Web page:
The TFG has continued to work towards building peace.  The signing of the Aden Declaration in January 2006 was a major breakthrough in the political process as it created encouraging prospects for reconciliation within the Transitional Federal Institutions (TFIs).  As a result of the declaration, the first session of the Transitional Federal Parliament took place on 26 February 2006 in the southern town of Baidoa.  However, despite the TFG’s efforts to gradually expand its authority throughout the country, it has limited capacity and resources to respond to the humanitarian situation and improve the quality of life of Somali people. 

Immediate concerns include not only the deteriorating food security, livelihood, health, nutrition, water, and sanitation conditions, but also the possibility of increased needs if the upcoming Gu (long) rainy season fails.  Given the significant possibility of below normal rainfall, the Food Security Analysis Unit (FSAU) is predicting that parts of southern Somalia are at a high risk of entering into a state of Famine/Humanitarian Catastrophe from July to December 2006.  Humanitarian partners are responding to the crisis following a two-track approach - providing life-saving assistance as well as supporting livelihoods – in order to discourage relief dependency and prevent those in a state of Acute Food and Livelihood Crisis from falling into a Humanitarian Emergency. Coordination mechanisms have also been enhanced with the establishment of an Inter-Agency Standing Committee (IASC) for Somalia and the adoption of a cluster approach to ensure an integrated response to the growing needs[3]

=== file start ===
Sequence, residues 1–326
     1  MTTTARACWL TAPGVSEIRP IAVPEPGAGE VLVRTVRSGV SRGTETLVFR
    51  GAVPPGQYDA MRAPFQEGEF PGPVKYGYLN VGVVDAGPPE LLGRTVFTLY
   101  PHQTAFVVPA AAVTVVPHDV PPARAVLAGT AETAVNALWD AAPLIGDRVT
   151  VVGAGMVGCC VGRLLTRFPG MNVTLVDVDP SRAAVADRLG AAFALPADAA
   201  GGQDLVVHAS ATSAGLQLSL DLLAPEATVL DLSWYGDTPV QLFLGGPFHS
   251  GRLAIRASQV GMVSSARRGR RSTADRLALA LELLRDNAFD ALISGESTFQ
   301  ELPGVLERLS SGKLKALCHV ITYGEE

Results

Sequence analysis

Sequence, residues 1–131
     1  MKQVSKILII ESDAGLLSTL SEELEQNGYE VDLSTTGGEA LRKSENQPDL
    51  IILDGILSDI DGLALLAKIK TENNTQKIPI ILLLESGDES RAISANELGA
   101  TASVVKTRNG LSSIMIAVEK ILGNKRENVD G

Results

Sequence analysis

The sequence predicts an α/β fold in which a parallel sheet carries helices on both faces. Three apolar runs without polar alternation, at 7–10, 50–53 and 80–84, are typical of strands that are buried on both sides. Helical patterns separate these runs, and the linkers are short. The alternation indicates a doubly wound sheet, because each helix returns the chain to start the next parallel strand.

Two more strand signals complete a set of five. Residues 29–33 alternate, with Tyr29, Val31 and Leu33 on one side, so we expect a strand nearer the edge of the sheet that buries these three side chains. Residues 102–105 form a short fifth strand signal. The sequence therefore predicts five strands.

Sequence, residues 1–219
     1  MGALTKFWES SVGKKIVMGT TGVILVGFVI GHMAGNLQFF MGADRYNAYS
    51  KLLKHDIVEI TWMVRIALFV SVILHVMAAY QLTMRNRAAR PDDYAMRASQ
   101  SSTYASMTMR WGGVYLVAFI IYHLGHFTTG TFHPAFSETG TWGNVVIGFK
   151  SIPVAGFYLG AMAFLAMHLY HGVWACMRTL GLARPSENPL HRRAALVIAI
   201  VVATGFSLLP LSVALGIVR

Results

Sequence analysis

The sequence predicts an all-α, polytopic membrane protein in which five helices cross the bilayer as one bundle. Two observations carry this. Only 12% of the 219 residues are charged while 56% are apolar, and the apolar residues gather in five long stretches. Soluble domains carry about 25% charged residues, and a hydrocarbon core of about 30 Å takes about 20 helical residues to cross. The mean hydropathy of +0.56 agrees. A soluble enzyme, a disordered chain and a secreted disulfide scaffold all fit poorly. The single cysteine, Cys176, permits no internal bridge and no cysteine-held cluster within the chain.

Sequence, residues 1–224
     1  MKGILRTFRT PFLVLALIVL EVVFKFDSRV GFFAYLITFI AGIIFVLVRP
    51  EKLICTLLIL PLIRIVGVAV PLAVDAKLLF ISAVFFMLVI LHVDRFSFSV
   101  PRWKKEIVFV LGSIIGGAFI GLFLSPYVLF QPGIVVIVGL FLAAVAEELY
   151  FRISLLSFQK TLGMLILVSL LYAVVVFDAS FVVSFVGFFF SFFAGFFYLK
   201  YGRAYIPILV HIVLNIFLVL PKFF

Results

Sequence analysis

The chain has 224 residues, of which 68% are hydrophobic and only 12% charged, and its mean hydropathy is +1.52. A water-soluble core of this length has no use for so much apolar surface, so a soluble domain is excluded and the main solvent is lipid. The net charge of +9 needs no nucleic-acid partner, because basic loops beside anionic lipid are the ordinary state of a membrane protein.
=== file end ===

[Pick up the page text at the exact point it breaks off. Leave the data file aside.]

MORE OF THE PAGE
Under the IASC, UN agencies and non-governmental organisations (NGOs) will continue to work closely with local authorities and communities toward the three strategic priorities of the Consolidated Appeal: (1) increase access to basic humanitarian services for vulnerable populations, in particular 1.7 million in a state of Humanitarian Emergency or an Acute Food and Livelihood Crisis, 370,000 - 400,000 Internally Displaced Persons (IDPs), and those living in areas of return and resettlement; (2) enhance the protection of and respect for the human rights and dignity of affected populations; and (3) strengthen local capacity for social service delivery and response to natural or conflict-related disaster.  The objectives have remained the same, since the effects of the complex humanitarian situation have not changed.  They also continue to maintain links to the Joint Needs Assessment (JNA).[4]